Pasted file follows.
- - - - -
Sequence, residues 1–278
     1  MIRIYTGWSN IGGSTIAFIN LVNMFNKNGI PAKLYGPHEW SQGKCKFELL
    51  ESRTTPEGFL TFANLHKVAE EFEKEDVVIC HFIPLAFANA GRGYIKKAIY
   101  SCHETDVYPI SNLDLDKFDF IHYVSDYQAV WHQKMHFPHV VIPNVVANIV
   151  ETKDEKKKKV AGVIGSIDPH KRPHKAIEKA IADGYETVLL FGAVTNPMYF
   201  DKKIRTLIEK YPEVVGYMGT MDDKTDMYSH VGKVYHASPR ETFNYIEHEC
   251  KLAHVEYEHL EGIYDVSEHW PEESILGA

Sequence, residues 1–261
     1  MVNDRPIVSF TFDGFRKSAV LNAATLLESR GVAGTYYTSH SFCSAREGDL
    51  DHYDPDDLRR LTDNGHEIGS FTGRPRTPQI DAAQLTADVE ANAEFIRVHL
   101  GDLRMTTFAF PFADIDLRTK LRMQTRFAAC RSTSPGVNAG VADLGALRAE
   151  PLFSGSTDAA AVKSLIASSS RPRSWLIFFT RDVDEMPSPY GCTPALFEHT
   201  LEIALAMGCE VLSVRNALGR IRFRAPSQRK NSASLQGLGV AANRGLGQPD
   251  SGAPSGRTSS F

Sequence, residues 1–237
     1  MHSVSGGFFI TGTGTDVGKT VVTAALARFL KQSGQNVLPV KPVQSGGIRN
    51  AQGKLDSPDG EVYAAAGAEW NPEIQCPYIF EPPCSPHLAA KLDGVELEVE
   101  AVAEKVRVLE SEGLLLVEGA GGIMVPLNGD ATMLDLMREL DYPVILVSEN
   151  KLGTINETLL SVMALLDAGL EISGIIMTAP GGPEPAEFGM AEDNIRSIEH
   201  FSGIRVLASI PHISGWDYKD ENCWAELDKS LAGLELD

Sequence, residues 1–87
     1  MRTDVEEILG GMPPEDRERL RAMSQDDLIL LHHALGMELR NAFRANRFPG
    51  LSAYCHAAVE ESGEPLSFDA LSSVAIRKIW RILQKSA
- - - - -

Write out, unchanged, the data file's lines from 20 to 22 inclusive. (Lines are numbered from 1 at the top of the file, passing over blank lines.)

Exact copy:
   201  FSGIRVLASI PHISGWDYKD ENCWAELDKS LAGLELD

Sequence, residues 1–87
     1  MRTDVEEILG GMPPEDRERL RAMSQDDLIL LHHALGMELR NAFRANRFPG